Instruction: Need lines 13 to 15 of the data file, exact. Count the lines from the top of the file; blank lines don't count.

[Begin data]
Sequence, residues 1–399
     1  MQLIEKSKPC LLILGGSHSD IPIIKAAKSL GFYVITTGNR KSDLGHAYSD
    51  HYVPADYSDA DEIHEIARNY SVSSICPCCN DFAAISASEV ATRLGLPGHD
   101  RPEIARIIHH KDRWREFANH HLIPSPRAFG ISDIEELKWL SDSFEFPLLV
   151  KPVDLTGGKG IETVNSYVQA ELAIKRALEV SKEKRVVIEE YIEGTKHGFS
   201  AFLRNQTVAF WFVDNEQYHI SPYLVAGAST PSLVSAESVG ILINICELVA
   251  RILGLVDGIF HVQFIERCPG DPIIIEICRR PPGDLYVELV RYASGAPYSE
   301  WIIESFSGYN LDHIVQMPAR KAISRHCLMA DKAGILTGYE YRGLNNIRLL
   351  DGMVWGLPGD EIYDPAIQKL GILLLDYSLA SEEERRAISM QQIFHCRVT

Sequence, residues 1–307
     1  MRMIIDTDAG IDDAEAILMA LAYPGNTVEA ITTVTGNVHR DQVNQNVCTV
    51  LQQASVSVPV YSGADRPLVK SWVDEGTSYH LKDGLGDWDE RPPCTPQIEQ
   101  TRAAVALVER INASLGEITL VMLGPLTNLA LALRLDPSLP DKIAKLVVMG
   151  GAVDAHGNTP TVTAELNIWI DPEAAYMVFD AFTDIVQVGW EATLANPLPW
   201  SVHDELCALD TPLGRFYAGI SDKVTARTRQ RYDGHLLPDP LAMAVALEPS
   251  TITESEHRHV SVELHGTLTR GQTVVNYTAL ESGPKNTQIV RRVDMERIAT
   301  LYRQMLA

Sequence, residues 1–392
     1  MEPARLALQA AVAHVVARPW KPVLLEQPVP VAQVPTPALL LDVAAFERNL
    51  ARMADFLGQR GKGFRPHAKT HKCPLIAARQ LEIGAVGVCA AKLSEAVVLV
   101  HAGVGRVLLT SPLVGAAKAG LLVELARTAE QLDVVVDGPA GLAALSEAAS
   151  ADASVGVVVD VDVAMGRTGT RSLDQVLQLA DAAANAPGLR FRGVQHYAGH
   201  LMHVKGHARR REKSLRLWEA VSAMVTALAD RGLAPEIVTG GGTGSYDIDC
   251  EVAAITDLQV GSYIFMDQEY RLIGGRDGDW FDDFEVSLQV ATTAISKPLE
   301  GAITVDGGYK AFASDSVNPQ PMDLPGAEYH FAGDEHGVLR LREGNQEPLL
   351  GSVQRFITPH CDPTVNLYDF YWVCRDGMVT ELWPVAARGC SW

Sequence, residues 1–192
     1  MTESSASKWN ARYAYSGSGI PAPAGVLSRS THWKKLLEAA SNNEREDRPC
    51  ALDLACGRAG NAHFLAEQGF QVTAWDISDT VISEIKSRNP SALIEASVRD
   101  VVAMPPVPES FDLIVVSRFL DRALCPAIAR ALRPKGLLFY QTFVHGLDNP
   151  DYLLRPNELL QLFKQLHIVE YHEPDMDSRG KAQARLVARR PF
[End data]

   101  TRAAVALVER INASLGEITL VMLGPLTNLA LALRLDPSLP DKIAKLVVMG
   151  GAVDAHGNTP TVTAELNIWI DPEAAYMVFD AFTDIVQVGW EATLANPLPW
   201  SVHDELCALD TPLGRFYAGI SDKVTARTRQ RYDGHLLPDP LAMAVALEPS